Wasserman, Robin. (2007). New York: Simon Pulse. ISBN-10: 1416936335/ ISBN-13: 978-1416936336
Three brilliant friends: Schwarz, Playboy-obsessed boy math genius already in Harvard at age 16, Eric Roth, tech genius and voice of morality, and Max Kim, Korean get-rich-quick schemer from a family of obsessed Harvard grads, take a challenge on for a 25 thousand dollar bet. They will hack, which is here used in the old MIT sense, as ‘trick through brilliant ingenuity’, their way into Harvard admissions to earn an acceptance for the biggest loser they can find at their school. This happens to be Clay Porter, the bullying terror of Eric’s childhood, an uneducated, uncultured, trailer-park teen. On the other side of the bet are The Bums, two very unpleasant geniuses from Boston Latin who made their money in day trading, and Alexandra Talese, Miss Perfect, would be valedictorian, and Harvard hopeful. To get Clay into Harvard they have to alter his transcripts, help him cheat on the SAT’s; coach and prompt him through his interview, and turn him into an apparent artist and intellectual. The outcome is always in doubt; an afterword gives some satisfying ‘where are they now’ details.
Don’t search here for the thrills of outsmarting the power structure through brainpower and technological skill—this book uses hacking in its older sense—a clever trick. A group of Cambridge high school brains accepts a bet that they can get an unlikely candidate into Harvard; many interesting observations of the nature of the college process ensue.
There was a recent article on “App Lit”—the genre based on the anxiety and exhaustion involved in the modern college application process. This book belongs in that genre, and reading about how a group of socially inept but, of course, brilliant teens use trickery and ingenuity to hack the admissions process of the most prestigious institution in the land should prove a comforting diversion for many teens. The social commentary is superficial, the characters blend together, and the plot doesn’t really make sense, but Robin Wasserman’s knowledge of geek life adds Star Trek/Star Wars type fun to the proceedings, the dialogue among the friends has the right smart-ass tone, and the Cambridge hometown setting is unusual and fun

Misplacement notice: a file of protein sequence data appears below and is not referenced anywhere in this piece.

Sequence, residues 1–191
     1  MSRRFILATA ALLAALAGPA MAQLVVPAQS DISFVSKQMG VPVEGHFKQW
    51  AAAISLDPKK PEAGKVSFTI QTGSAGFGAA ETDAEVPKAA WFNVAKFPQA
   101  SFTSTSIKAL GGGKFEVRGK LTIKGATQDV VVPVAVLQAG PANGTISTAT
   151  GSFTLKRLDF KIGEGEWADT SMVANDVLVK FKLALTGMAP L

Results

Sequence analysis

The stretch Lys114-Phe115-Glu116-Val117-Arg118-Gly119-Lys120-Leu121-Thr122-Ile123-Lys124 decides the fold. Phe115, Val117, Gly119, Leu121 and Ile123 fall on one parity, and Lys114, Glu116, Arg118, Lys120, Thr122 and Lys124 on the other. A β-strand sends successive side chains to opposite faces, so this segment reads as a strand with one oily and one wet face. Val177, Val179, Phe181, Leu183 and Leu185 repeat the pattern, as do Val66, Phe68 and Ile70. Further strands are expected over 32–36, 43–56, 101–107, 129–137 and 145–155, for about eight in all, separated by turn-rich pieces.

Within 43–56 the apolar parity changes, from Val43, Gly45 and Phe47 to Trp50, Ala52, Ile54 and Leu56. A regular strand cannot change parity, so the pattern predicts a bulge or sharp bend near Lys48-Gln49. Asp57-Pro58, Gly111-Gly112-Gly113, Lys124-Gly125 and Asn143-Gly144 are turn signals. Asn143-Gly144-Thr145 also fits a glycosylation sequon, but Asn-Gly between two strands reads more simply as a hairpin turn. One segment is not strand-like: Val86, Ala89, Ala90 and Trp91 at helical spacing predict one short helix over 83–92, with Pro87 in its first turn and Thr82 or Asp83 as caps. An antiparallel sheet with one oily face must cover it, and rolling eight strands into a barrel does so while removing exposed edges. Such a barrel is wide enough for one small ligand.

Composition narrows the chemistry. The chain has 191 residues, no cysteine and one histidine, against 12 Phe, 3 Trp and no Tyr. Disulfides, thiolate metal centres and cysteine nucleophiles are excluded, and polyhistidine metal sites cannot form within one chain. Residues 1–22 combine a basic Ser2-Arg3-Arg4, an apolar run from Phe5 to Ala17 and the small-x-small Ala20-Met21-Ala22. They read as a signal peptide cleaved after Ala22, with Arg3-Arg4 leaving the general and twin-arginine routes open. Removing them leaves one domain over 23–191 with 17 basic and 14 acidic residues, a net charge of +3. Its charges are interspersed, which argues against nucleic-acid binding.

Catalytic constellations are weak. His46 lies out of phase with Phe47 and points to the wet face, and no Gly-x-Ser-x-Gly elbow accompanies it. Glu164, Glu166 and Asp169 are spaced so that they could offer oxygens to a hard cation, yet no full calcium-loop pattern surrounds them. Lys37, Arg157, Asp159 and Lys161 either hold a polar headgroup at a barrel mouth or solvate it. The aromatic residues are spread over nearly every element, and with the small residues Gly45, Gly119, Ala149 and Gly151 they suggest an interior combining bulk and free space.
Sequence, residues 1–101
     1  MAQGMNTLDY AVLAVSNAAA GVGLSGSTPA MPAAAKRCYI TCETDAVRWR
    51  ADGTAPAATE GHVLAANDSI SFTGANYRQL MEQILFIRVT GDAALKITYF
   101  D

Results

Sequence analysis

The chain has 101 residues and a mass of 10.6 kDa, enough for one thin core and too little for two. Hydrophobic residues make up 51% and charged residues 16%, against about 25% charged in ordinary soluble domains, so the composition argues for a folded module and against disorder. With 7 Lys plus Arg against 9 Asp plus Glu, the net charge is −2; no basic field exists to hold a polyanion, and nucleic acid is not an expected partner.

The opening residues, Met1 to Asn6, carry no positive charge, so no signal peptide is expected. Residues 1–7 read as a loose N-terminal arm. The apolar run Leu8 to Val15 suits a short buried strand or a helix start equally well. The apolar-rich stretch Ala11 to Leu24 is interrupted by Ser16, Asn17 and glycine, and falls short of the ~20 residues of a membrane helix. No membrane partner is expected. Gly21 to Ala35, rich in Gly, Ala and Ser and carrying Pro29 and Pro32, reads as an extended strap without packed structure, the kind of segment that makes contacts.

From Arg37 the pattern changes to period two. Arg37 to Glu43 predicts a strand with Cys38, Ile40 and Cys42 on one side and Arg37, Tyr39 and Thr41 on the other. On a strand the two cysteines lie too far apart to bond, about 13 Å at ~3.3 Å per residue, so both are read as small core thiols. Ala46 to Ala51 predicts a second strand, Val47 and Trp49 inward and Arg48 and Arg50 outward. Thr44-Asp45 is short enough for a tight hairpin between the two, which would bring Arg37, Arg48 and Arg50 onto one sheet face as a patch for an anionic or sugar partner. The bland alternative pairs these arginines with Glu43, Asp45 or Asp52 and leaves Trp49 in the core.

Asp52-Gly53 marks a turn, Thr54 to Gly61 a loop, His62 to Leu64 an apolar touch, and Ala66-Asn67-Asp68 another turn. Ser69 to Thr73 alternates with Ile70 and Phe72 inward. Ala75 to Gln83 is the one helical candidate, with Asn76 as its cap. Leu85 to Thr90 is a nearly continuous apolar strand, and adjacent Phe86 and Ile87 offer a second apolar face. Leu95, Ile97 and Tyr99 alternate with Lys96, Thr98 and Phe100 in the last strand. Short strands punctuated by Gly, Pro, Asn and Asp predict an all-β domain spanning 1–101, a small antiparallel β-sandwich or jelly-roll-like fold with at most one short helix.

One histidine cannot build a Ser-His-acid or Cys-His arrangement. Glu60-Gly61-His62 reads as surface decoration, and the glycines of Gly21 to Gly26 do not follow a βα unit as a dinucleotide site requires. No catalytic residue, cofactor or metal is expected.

About the author
Having written a book with this title, only a Harvard graduate would be so coy about where she went to college as Wasserman is in her college-focused back-of the book bio. She is also the author of the popular ‘Seven Deadly Sins’ series.
Think of some better methods for hacking the college admissions process.
How can the admissions process be improved?
Were the boys right to make the decision they did about Clay’s admission?
Reading Level/Interest Age
Grades 8-11 (Booklist)
Mild swearing, smoking, drinking, marijuana, questionable morals
Be knowledgeable about the book and prepared to discuss it calmly. Provide complaint form per board policy; gather student reactions; list Booklist and other reviews available at Amazon: http://www.amazon.com/gp/product/product-description/1416936335/ref=dp_proddesc_0?ie=UTF8&n=283155&
Used for Little Brother bibliography—I was looking for technological and clever plot, but the story was pretty low-tech.
Favorable mention YALSA blog